May 19, 2024

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Norman meets new EPA limits of PFAS chemicals in water | News

4 min read

On Wednesday, the Environmental Protection Agency established new, legally enforceable drinking water regulations aimed at limiting the amount of perfluoroalkyl and polyfluoroalkyl substances, or PFAS, in water supplies.  

PFAS are a group of man-made chemicals that were discovered in the late 1930s and are often in consumer and industrial products. Known as “forever chemicals,” PFAS break down slowly and can contaminate air, water and soil.

The new regulations will lower the maximum containment level of six PFAS. When excessive levels of these contaminants are found, water system operators must implement solutions to reduce PFAS levels in drinking water within five years.  

The maximum contaminant levels for PFOA and PFOS are now four parts per trillion. For PFHxS, HFPO-DA and PFNA, the new standard is 10 parts per trillion. 

According to the EPA, parts per trillion is equivalent to one drop in one trillion gallons.  

The standard for mixtures containing two or more of the PFAS chemicals PFHxS, PFNA, HFPO-DA or PFBS has also changed. The new maximum contaminant level is a hazard index of one. The EPA hazard index is a formula used to determine the level of the chemicals in a sample. The result cannot exceed one. 

The EPA’s Fifth Unregulated Contaminant Monitoring Rule requires monitoring and reporting by public water systems of 29 PFAS levels. The most recent report was published on Jan. 11. Samples were collected four times from Oct. 3-24.

Data from the report shows Norman’s PFOS and PFOA levels were below the minimum reporting level of 4 parts per trillion, indicating Norman is already within the new regulations set by the EPA. 

PFOS and PFOA are the most common PFAS chemicals. Although they are no longer manufactured in the United States, they are often found in water and soil. 

The new regulations also require routine testing by water utilities moving forward. Officials in Norman seem welcoming to the new testing requirements. 

Chris Mattingly, Norman utilities director, said he needs to know more about the level of PFAS in Norman’s water before implementing changes to ensure future compliance with the new EPA regulations. 

“We just need more because you’ve got to see, is this a one (off), you know? Do we have a trend here?” Mattingly said.  

While Mattingly wants more information before making any changes, he envisions having to make improvements down the line.  

“Right now, we have five years to be ready to meet all limits and, right now, we’re meeting them,” Mattingly said. “But like I said, we don’t have anything designed. So probably what we’ll be doing is going out for a consultant to help us with this process to look at what kind of treatment device should we invest in.”

Mattingly also said the city could pursue federal funding if they decide to begin implementing PFAS treatment devices. He added the city would likely go after funding such as the newly available $1 billion from the Bipartisan Infrastructure Law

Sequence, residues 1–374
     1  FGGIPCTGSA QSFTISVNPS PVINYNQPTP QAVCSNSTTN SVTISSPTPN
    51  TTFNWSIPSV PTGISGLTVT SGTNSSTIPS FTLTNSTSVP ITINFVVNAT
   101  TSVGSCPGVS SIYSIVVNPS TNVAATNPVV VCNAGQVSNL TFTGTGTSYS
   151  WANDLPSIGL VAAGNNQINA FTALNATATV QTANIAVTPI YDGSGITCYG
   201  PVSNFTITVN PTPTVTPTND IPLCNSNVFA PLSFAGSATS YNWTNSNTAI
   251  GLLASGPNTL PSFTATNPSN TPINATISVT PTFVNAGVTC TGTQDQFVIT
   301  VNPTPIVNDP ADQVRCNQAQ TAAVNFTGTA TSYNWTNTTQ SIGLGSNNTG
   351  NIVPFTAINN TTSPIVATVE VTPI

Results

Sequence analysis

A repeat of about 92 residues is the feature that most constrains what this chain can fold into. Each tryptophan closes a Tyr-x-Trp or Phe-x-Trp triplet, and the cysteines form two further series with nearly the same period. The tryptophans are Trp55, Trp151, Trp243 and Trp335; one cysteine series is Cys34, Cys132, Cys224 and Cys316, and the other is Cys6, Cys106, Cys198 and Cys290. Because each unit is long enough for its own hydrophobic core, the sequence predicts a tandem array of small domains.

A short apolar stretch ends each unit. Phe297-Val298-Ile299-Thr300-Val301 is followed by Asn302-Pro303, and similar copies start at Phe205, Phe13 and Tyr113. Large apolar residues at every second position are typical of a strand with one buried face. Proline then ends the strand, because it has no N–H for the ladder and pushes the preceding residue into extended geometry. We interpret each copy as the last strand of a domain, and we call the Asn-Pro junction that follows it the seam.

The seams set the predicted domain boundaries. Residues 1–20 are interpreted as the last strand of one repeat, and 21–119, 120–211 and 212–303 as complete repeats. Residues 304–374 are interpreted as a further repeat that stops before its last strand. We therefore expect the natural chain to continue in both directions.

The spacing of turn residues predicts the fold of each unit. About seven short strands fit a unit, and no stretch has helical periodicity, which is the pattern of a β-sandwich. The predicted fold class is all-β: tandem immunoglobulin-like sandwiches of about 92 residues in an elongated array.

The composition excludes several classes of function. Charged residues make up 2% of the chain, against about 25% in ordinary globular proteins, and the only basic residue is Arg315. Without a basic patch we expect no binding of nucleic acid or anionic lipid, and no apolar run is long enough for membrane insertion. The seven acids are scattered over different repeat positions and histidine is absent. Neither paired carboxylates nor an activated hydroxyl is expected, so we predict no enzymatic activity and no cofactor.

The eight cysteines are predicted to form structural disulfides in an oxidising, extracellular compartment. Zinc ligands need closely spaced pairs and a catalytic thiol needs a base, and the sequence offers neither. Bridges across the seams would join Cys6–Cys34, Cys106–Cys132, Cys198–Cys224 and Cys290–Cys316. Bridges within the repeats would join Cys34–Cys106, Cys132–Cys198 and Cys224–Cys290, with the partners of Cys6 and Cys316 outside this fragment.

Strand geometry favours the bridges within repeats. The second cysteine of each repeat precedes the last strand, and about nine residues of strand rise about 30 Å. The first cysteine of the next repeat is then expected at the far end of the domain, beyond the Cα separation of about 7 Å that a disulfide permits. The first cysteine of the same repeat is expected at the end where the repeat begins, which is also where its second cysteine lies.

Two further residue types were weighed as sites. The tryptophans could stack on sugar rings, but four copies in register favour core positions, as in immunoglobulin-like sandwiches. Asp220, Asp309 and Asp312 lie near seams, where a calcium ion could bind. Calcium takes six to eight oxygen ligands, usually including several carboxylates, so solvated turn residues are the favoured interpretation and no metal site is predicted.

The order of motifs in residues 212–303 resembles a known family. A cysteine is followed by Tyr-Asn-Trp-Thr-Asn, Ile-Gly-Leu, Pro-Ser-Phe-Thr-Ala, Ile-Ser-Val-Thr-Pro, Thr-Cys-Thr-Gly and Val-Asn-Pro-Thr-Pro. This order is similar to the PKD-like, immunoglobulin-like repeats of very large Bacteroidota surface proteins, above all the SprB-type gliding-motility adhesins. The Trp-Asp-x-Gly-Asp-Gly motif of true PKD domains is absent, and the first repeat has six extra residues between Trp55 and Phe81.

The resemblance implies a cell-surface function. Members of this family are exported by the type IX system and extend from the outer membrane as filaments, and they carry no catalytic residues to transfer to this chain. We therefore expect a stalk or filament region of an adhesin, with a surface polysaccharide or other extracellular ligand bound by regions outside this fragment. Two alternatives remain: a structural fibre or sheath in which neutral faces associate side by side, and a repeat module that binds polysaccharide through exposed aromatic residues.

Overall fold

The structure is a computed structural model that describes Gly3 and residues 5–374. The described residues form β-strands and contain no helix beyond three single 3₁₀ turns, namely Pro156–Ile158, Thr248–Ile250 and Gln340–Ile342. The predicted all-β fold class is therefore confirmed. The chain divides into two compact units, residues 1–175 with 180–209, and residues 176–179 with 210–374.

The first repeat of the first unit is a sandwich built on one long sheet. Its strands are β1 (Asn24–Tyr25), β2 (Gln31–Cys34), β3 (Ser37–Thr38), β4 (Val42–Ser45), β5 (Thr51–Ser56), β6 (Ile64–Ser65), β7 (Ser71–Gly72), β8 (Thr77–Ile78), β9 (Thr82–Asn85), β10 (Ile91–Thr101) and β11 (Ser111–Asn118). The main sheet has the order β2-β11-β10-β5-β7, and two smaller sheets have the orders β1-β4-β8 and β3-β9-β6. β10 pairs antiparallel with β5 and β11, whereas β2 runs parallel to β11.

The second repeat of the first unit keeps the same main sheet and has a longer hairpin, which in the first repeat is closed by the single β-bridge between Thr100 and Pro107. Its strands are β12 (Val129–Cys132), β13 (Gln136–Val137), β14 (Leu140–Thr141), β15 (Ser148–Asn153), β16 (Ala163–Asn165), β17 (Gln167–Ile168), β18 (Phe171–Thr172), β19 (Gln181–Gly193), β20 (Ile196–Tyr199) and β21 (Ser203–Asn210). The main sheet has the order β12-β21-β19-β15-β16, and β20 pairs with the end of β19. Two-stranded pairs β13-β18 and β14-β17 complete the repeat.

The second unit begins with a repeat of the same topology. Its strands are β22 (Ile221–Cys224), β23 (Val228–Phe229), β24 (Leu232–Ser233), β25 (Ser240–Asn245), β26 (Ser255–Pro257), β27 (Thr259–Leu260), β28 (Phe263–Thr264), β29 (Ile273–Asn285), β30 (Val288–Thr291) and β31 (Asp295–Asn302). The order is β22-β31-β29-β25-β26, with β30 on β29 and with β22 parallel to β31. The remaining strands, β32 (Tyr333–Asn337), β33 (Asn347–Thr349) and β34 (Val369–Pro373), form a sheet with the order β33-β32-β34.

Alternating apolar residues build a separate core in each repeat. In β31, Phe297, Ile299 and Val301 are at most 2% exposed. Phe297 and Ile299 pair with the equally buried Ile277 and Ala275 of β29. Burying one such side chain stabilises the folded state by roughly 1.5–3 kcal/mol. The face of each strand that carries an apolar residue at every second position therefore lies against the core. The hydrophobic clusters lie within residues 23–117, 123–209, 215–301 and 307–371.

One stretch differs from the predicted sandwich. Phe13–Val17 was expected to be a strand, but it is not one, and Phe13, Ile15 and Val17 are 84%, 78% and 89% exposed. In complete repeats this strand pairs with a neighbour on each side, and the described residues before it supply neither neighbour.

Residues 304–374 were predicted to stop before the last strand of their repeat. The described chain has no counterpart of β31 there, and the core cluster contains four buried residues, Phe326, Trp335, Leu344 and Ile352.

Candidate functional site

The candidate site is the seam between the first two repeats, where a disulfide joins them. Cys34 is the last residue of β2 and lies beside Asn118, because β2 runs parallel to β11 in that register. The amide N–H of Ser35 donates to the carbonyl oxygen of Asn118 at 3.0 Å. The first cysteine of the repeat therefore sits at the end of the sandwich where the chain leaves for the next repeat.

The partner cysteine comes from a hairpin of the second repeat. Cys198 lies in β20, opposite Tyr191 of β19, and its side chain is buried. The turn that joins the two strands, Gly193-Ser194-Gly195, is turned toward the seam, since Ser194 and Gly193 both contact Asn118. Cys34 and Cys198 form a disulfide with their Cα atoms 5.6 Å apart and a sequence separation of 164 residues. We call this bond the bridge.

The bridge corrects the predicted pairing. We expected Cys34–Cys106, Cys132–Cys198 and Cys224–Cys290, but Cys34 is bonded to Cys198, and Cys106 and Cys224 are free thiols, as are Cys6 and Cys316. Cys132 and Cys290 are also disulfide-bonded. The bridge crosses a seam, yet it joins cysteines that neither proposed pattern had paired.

For now, Mattingly said he would like to see manufacturers scale back from using PFAS in so many products. 

PFAS can be in almost anything. Common uses include stain-resistant material, firefighting foam and nonstick packaging. 3M and DuPont commonly use PFAS in their products. 

According to a 2016 study by the EPA, food can contain PFAS. The study concluded that diet and food may be the primary source of PFAS in humans. 

According to the Food and Drug Administration, PFAS make their way into our food through soil and water. 

“Unfortunately, PFAS have been spread everywhere from groundwater to surface water. So, they are found in both drinking water and agriculture water supplies,” wrote Reza Foudazi, an OU engineering professor, in an email to OU Daily. 

Exposure to PFAS is common. A report by the Centers for Disease Control and Prevention found PFAS in the blood of 97% of Americans. The report used data from the National Health and Nutrition Examination Survey

A study published by Environment International estimated that PFAS can be found in 45% of American drinking water samples.  

While common, exposure to PFAS can lead to serious health issues. A 2021 study published by Environmental Research found an association between PFAS and testicular and kidney cancers. A 2023 study published by Environmental Health Perspectives found a delay in puberty onset among females exposed to PFAS. Delays are typically five to six months long but can be longer.  

The EPA has known about the risk of PFAS for over 25 years. In 1998, a document was sent to the EPA by 3M, stating that PFAS contents build up in the blood over time. 

For residents concerned about PFAS in their drinking water, Foudazi recommended buying water from refill stations using multiple filtration devices. 

This story was edited by Anusha Fathepure and Peggy Dodd. Grace Rhodes copy edited this story.


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